It was a theme close to the heart of the imperial bard, Kipling. When the US was setting up a colonial administration in the Philippines, he called upon its people to shoulder the "white man's burden". War (the Filipinos resisted) must be followed by regeneration under a kindly, paternal government dedicated to its subjects' welfare. Otherwise, imperial wars of pacification were no more than greedy power politics that the public might find morally repugnant.

It was just as well that Britain had its "civilising" mission to reassure voters and the rest of the world of its altruistic intentions. Public opinion was touchy about imperial campaigns. Exactly 100 years ago, there was unease about the invasion of Tibet, a pre-emptive blow struck to forestall Russian interference. There was none, and the skirmishes were massacres that sickened British officers. "I hate it," one told his wife, "these poor Devils are brave men and they haven't got the weapons we have. They fight to the bitter end."

The front-line imperial soldier needed the assurance that what he was doing was morally right. Merely performing a duty prescribed by politicians was not enough: during 1919 and 1920 some British soldiers and sailors sent to northern Russia to buttress anti-Communist forces mutinied because they were not convinced that the war was justified. This was exceptional, but nonetheless a reminder that servicemen and women need to know they are risking their lives for an honourable and morally desirable cause.

This is understood by Tony Blair, hence his revival of benevolent imperialism. At heart, he is one of those thoroughly decent, clean-limbed, former prefects who once found themselves manning the outposts of empire. He sincerely wants to change things for the better. His dreams of a resuscitated Iraq under an upright and well-meaning administration would have been applauded by generations of liberal imperialists. It is not a bad vision; the old imperialism was not without flaws, but for many of its subjects it provided a welcome stability and opportunities for advancement.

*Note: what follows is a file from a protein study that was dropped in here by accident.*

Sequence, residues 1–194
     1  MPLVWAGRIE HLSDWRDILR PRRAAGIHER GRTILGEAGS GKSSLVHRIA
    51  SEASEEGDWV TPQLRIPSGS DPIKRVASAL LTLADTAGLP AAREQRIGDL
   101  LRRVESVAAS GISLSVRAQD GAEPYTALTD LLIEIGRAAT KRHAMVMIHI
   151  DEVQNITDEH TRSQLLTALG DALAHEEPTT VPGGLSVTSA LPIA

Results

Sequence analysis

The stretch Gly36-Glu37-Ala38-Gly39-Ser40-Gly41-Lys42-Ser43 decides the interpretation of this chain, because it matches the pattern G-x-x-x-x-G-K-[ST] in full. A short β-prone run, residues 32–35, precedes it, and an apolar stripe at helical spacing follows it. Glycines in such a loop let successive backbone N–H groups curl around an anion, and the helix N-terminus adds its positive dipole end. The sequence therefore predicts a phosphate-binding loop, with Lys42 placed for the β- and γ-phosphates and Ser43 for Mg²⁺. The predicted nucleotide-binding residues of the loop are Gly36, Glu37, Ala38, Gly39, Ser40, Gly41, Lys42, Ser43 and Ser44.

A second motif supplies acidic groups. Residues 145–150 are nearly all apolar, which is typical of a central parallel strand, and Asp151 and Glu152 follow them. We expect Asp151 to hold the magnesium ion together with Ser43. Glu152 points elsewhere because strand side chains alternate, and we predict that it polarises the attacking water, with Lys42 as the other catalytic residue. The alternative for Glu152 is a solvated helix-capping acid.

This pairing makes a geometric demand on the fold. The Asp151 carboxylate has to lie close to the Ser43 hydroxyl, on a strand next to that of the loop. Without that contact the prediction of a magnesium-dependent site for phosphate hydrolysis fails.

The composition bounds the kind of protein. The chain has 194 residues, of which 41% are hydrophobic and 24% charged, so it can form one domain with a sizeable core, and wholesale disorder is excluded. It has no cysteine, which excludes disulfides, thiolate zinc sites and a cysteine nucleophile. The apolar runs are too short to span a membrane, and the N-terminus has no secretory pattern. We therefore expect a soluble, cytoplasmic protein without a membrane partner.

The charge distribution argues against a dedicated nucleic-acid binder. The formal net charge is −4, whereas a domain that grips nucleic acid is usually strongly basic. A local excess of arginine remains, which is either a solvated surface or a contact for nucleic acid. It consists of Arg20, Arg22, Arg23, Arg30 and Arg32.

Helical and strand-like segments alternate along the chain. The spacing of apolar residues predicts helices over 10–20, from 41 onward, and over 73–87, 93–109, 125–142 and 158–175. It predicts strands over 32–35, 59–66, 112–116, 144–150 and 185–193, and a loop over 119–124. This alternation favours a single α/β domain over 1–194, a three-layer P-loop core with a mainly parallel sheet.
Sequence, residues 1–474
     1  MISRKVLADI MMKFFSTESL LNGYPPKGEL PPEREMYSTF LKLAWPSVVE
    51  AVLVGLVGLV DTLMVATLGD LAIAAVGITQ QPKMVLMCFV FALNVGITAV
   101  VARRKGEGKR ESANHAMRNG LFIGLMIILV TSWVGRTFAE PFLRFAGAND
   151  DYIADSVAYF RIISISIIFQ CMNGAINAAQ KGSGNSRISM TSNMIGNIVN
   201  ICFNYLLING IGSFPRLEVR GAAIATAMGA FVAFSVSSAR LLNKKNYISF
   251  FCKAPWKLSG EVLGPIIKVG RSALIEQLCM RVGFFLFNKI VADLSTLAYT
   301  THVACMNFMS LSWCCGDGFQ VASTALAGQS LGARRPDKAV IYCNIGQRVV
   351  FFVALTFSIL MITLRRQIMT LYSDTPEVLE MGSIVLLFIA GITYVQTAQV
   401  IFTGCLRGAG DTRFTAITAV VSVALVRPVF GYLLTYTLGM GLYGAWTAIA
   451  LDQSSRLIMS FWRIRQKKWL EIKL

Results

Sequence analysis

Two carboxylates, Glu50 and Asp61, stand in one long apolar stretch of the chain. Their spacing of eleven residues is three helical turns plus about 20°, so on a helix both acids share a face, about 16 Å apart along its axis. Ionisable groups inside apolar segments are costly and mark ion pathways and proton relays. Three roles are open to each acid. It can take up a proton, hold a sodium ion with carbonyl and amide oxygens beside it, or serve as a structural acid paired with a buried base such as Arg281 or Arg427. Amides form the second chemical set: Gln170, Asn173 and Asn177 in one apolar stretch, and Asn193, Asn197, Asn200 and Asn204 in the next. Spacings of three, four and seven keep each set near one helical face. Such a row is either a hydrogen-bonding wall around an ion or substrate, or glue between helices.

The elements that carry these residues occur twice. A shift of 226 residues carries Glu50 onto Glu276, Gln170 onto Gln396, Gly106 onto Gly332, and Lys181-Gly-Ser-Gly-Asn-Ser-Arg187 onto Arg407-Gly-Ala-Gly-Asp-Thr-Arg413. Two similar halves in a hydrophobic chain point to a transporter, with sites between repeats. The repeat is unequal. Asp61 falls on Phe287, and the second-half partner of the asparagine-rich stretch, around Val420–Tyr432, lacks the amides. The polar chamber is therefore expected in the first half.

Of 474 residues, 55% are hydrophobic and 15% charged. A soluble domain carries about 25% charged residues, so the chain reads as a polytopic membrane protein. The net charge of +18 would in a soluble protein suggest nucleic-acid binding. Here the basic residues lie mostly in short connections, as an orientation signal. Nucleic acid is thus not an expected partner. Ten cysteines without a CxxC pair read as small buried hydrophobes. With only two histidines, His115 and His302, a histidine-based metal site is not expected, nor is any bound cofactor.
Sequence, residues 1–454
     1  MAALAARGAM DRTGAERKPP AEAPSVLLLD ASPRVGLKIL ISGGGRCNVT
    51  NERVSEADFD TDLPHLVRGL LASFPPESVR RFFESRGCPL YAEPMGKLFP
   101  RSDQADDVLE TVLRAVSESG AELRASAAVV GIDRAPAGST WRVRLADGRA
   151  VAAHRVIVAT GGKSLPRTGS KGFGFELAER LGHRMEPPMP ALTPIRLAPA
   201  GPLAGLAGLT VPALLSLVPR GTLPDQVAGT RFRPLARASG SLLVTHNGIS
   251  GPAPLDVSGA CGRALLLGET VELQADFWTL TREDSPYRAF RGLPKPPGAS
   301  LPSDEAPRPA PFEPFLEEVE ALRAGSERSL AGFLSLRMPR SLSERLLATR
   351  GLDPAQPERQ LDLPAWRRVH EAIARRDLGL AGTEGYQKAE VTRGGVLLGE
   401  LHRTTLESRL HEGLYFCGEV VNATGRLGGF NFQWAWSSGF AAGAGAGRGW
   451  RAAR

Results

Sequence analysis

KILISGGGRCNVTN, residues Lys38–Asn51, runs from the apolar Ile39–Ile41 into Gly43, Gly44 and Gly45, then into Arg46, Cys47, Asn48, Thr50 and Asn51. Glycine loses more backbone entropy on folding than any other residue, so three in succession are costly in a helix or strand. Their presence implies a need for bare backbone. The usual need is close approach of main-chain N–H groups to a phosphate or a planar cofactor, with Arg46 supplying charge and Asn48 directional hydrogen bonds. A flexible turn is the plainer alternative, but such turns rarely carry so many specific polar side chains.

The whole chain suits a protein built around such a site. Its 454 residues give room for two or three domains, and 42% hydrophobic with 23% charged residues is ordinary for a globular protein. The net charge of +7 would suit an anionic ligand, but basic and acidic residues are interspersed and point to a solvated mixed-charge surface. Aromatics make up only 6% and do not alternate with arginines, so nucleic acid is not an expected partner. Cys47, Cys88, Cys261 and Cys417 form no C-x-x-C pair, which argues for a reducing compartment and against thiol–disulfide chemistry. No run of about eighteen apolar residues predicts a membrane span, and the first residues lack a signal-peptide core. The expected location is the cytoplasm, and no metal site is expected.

Paradoxically, Blair's prospect of a redeemed and happy Iraq was shared by one of its architects, TE Lawrence. In the 1920s he hoped that the infant state would progress onwards and upwards to become Britain's first "brown dominion", the Australia of the Middle East. But Lawrence also knew that for benevolent imperialism to work it needed civil peace. This was why he championed the use of bombers to chastise anyone who endangered the Pax Britannica in Iraq. Critics of aerial policing were appalled: how could you simultaneously claim to be the enlightened banner bearer of civilisation and employ ferocious methods of coercion? The old dilemma of imperialism remains unresolved.

The writer's most recent book is 'Warrior Race: A history of the British at war' (Abacus)